If you own a credit card, chances are, it’s happened to you, or maybe you know someone who’s been impacted by fraudulent charges.
But there are ways to fight back, so you don’t get stuck paying for something you never bought.
Credit card fraud can happen to anyone.
“I had charged $9.00 and there was another $280.00 applied from the same company.”
Kathye Gaines is the branch manager of Consumer Credit Counseling Service, even though she hears cases of unauthorized charges happening to her clients, she too fell victim.
“So that book store will never get my business again if I go down there, but it was an employee and they did find out and they did take action,” she explains.
Luckily Gaines caught it quickly, which she says will help to avoiding headaches when you try to dispute a charge that you didn’t make.
One of the most important things is to catch unauthorized charges as soon as possible and the best way to do that is to look through your statements every month. Once you catch it, report it!
“You can contact the credit card company immediately when you see something that is not a charge that you’ve made and ask them to do research and tell them you did not make that charge,” she adds.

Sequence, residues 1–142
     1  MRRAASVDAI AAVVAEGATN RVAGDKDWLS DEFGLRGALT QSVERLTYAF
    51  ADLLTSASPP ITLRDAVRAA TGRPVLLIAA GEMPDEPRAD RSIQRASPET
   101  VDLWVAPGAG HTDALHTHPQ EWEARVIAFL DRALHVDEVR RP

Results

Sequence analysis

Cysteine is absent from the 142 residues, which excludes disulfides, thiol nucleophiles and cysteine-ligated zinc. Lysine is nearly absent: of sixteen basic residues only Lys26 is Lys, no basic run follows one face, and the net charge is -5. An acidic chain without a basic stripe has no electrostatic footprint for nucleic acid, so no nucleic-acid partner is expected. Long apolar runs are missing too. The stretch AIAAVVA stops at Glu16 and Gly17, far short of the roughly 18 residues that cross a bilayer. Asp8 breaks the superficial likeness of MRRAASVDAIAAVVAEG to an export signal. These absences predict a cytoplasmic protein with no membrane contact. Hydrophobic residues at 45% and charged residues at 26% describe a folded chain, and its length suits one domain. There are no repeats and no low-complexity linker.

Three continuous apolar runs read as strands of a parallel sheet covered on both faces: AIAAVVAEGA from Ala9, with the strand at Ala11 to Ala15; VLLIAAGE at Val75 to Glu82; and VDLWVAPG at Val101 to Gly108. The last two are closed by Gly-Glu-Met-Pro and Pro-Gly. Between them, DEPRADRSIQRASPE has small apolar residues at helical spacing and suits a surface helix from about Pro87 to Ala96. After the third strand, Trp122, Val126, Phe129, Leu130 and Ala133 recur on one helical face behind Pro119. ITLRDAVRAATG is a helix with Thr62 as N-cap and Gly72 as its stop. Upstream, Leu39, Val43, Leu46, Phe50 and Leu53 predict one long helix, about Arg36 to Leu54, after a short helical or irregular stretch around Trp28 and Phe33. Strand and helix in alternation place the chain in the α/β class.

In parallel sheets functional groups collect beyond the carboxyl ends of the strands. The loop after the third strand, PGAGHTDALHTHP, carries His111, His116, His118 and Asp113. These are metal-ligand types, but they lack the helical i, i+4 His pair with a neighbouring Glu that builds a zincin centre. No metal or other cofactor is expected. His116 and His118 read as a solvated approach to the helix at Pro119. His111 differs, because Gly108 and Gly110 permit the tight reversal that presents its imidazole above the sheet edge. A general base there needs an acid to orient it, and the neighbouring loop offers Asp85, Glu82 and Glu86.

Gaines said reports of unauthorized charges on credit cards and debit cards are fairly common, but fortunately most banks are looking out for their customers behind the scenes.
NSB Bank has a system that monitors their customs transactions, just incase something unusual shows up.
“We will freeze just to make sure no other purchases happen and then we’ll assist the customer in taking the proper steps,” says Drew Gappa, Loan Officer.
He says in a lot of cases, online shopping can be a culprit in letting someone “borrow” your credit card number.
“If you are doing online shopping you know that when you’re shopping look at the website and at the top it will say “http” and make sure it’s got the “s” that shows that it is a secure site.”
There is some legislation out there to help consumers out, it’s called the Fair Credit Billing Act.
The federal law protects customer from unfair charges on their credit card accounts.
It also gives people the right to dispute those incorrect charges.